Thursday, May 22, 2008

the rise and fall of the genitive case

On Bremer Sprachblog, Anatol Stefanowitsch has an interesting post on the aspects of language that interest scholars, in particular the way grammatical structures offer points of comparison between languages - AND an amazing atlas of languages which presents this highly complex subject visually, now available online at the World Atlas of Language Structures:

What is WALS?

WALS is a large database of structural (phonological, grammatical, lexical) properties of languages gathered from descriptive materials (such as reference grammars) by a team of more than 40 authors (many of them the leading authorities on the subject).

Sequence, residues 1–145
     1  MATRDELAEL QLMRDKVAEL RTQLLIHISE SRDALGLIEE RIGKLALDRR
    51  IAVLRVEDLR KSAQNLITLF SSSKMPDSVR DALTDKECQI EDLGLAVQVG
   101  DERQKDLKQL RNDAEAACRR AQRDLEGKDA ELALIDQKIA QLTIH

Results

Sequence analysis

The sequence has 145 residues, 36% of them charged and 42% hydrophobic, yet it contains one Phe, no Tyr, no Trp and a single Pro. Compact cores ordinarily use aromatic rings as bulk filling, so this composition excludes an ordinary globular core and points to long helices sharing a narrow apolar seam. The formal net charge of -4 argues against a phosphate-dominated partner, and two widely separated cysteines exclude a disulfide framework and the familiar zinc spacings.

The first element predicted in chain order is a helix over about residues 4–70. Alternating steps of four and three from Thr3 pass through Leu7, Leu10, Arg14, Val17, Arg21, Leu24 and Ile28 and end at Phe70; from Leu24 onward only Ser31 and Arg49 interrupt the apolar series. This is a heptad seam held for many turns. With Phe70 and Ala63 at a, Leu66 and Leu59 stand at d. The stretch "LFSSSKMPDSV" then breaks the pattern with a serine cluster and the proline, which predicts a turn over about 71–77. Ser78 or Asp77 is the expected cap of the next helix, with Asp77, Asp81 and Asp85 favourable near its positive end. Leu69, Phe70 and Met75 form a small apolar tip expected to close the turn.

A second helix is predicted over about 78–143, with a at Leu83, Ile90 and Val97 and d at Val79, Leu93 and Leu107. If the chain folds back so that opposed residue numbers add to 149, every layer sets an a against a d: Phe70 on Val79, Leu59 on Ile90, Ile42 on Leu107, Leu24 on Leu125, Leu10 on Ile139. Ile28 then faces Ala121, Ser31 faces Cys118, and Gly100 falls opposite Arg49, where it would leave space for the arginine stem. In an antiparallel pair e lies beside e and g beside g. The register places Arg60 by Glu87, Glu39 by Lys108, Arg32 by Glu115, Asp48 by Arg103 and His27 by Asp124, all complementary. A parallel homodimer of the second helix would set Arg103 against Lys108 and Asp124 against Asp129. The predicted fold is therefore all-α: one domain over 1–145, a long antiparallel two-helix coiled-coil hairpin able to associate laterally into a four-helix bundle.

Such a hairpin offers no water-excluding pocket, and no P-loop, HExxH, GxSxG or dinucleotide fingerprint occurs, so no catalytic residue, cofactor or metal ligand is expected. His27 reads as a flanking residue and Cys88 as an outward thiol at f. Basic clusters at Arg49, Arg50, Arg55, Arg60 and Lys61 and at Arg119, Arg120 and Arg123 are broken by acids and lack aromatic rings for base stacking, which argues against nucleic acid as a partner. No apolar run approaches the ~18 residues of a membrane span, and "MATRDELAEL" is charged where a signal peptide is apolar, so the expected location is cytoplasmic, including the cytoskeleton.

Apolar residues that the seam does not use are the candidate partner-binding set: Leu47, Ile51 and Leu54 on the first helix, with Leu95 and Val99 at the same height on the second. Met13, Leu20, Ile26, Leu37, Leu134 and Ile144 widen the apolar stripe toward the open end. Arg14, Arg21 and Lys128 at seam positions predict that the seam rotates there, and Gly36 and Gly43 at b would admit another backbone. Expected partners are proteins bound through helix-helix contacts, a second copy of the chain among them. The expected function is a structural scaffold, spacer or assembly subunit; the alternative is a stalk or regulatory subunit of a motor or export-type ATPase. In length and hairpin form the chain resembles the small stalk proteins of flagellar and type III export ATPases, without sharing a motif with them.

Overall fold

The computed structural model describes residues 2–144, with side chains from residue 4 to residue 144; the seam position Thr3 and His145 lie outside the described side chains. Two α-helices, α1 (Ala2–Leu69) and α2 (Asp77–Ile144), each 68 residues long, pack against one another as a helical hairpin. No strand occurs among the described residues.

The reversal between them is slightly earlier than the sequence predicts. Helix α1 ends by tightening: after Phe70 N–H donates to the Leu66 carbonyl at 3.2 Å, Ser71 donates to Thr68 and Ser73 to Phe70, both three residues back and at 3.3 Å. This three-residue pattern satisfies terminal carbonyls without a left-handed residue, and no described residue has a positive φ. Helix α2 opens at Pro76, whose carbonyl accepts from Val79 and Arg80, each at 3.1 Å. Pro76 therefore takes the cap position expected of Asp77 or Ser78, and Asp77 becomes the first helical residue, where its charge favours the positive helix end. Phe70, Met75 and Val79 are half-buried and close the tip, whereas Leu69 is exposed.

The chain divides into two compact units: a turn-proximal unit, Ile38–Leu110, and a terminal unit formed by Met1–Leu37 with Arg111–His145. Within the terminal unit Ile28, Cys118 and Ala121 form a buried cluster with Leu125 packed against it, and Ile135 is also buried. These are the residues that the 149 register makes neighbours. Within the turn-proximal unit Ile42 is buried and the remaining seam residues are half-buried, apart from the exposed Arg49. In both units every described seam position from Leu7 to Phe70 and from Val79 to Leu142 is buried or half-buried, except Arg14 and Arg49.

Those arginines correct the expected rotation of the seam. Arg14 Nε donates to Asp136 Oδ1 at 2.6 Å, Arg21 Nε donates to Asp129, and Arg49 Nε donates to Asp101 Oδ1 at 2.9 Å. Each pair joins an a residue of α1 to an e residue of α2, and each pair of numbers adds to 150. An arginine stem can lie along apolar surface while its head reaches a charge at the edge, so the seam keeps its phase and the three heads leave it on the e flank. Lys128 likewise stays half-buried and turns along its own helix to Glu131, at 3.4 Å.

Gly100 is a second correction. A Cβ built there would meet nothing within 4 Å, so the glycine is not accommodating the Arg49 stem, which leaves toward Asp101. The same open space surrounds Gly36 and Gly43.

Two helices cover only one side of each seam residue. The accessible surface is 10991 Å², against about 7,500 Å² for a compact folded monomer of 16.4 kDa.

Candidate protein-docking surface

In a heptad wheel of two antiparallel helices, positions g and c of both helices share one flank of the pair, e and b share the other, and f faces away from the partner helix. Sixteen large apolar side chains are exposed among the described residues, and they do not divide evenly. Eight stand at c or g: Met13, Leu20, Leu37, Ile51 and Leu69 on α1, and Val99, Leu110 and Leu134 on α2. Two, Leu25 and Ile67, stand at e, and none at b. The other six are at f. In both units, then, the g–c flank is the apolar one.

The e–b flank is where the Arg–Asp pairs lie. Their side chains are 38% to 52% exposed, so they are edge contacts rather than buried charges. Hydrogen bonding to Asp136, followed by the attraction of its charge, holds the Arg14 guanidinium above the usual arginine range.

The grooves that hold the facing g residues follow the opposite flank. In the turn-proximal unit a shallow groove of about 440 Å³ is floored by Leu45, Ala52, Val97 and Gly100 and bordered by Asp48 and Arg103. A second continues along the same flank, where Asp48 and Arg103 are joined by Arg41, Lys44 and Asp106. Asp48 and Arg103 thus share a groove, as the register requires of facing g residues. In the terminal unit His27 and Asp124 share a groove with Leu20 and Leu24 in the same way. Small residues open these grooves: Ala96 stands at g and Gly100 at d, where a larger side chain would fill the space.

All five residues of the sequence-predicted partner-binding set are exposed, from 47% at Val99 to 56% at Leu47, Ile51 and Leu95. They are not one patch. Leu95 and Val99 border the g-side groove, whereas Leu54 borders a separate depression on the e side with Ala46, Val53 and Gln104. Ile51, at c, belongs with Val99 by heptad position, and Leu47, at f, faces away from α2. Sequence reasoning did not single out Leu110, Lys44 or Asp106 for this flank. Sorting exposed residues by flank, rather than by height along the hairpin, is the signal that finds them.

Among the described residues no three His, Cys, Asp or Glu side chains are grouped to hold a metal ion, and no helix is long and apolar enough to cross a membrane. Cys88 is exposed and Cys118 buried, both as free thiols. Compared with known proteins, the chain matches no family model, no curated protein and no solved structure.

WALS consists of 141 maps with accompanying texts on diverse features (such as vowel inventory size, noun-genitive order, passive constructions, and "hand"/"arm" polysemy), each of which is the responsibility of a single author (or team of authors). Each map shows between 120 and 1110 languages, each language being represented by a symbol, and different symbols showing different values of the feature. Altogether 2,650 languages are shown on the maps, and more than 58,000 datapoints give information on features in particular languages.

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